U.S. Secretary of State Antony Blinken flew to Kabul on Thursday in an unannounced visit to show support for the Afghan government a day after U.S. President Joe Biden said that he was pulling out U.S. forces after nearly 20 years of war.
Biden acknowledged that U.S. objectives in Afghanistan had become “increasingly unclear” over the past decade and set a deadline for withdrawing all U.S. troops remaining in Afghanistan by Sept. 11, exactly two decades after al Qaeda’s attacks on the United States that triggered the war.
Foreign troops under NATO command will also withdraw from Afghanistan in coordination with the U.S. pullout.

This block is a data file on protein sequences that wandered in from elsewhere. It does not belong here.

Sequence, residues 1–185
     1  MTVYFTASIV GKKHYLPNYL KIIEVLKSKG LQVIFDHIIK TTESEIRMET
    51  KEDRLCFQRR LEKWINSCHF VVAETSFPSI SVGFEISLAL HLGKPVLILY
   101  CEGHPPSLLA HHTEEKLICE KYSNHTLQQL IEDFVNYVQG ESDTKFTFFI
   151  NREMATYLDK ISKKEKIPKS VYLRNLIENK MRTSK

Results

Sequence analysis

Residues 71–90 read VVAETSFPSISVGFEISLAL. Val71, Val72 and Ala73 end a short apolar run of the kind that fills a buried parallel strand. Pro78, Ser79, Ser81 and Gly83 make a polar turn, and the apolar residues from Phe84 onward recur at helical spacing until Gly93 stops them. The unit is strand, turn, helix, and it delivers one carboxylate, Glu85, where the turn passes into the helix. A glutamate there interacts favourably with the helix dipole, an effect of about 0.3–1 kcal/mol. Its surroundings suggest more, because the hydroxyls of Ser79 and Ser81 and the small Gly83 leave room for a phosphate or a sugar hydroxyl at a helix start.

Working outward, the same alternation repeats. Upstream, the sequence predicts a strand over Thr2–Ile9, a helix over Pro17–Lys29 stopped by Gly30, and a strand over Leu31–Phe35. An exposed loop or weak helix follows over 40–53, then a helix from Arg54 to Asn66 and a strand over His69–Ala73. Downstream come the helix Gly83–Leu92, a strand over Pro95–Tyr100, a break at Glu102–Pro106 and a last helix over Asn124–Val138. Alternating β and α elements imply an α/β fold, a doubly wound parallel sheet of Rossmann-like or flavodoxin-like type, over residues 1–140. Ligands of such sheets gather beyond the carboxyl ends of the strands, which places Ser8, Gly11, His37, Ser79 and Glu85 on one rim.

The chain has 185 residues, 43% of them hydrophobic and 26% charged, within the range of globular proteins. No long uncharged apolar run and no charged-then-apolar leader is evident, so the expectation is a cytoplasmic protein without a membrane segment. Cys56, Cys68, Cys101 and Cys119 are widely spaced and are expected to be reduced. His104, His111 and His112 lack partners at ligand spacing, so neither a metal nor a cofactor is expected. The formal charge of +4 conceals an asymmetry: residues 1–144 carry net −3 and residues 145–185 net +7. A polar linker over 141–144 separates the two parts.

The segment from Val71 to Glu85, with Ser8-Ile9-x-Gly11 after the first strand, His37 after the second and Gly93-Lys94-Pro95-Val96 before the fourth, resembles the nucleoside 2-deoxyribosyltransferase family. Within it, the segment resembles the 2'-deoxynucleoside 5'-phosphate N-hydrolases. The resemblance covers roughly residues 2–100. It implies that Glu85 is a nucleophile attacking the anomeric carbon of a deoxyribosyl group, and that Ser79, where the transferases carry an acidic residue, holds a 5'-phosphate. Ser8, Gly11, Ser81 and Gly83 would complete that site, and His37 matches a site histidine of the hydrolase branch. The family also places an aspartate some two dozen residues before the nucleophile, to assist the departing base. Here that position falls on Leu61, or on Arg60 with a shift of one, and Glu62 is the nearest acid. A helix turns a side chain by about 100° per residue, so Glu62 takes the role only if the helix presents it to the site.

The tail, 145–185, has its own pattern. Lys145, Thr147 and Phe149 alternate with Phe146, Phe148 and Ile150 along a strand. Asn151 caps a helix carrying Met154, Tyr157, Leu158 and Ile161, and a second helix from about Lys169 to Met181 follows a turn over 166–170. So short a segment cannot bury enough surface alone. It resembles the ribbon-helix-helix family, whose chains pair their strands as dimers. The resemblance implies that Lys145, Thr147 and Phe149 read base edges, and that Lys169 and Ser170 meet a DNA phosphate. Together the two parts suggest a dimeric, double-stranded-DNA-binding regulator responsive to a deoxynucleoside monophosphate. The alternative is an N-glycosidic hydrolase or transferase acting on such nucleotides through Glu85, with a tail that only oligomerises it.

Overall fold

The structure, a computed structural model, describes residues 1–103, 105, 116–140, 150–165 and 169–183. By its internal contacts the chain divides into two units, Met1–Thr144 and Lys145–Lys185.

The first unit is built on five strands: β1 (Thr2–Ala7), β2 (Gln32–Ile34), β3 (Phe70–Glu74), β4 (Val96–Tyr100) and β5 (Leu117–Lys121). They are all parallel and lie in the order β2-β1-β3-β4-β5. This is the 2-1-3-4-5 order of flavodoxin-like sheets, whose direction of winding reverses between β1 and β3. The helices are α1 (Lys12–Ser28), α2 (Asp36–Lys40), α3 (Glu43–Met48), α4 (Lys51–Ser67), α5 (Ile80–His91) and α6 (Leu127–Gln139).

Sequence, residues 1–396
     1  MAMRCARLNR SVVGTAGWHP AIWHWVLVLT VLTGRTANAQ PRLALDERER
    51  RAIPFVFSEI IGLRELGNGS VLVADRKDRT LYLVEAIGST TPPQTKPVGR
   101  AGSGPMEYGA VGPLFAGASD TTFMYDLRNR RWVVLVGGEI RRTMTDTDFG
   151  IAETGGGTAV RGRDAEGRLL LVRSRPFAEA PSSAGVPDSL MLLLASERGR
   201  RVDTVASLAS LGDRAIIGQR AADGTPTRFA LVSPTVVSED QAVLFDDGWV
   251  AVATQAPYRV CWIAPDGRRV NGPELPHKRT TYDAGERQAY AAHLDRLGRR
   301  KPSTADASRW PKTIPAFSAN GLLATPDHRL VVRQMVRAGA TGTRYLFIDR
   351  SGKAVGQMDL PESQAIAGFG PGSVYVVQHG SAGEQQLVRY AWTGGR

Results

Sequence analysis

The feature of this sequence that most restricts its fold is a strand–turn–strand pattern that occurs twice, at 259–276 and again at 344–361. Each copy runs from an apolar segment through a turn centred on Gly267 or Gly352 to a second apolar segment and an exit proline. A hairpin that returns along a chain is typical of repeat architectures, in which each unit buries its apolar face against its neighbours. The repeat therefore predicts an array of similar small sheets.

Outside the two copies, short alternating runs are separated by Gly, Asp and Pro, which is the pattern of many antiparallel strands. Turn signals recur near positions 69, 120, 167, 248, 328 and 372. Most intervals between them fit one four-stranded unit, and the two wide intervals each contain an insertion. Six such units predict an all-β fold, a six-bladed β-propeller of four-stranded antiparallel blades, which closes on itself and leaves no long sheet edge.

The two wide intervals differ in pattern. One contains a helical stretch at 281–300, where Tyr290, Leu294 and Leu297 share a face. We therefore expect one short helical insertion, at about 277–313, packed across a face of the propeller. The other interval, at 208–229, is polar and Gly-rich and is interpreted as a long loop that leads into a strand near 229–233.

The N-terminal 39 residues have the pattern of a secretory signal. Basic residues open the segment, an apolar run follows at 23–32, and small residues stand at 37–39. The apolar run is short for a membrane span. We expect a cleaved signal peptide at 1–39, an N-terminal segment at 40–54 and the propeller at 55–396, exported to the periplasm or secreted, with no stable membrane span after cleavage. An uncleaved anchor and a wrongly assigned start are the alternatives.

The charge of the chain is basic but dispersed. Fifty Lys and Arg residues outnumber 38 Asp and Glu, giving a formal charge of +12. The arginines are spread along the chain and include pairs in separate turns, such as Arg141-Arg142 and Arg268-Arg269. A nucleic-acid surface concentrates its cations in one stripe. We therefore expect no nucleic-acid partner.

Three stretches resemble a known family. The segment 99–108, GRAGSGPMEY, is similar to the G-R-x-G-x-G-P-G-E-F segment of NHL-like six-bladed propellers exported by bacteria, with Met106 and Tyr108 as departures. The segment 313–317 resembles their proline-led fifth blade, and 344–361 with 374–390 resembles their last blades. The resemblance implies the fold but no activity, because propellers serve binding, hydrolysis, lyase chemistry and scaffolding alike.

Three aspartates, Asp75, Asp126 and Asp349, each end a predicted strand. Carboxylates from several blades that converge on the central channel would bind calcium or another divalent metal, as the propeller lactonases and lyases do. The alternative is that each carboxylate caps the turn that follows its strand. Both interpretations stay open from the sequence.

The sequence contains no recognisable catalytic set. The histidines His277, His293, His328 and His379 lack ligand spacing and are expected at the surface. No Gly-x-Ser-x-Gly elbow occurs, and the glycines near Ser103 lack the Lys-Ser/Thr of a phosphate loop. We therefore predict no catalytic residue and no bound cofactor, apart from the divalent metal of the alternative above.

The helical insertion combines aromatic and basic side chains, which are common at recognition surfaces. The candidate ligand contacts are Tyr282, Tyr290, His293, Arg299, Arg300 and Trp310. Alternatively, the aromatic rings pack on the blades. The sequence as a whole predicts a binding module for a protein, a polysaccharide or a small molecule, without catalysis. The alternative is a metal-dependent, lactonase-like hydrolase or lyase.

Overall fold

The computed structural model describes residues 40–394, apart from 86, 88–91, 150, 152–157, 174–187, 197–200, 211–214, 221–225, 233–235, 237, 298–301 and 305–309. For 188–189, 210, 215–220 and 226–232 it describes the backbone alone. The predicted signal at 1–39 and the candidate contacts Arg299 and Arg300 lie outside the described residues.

Blinken, arriving in Kabul after attending NATO talks in Brussels, met with Afghan President Ashraf Ghani, whose government remains embroiled in fierce fighting with Taliban insurgents while a U.S.-backed peace process is shrouded in uncertainty.
The top U.S. diplomat tried to reassure Ghani that despite the departure of U.S. troops, the United States would remain committed to Afghanistan, saying Washington will “intensify” its diplomacy to do “everything we can” to advance efforts to secure a peace agreement between Kabul and the insurgents.
“The reason I’m here, so quickly after the president’s speech last night, is to demonstrate literally, by our presence, that we have an enduring an ongoing commitment to Afghanistan,” Blinken said at the embassy, according to a press pool report.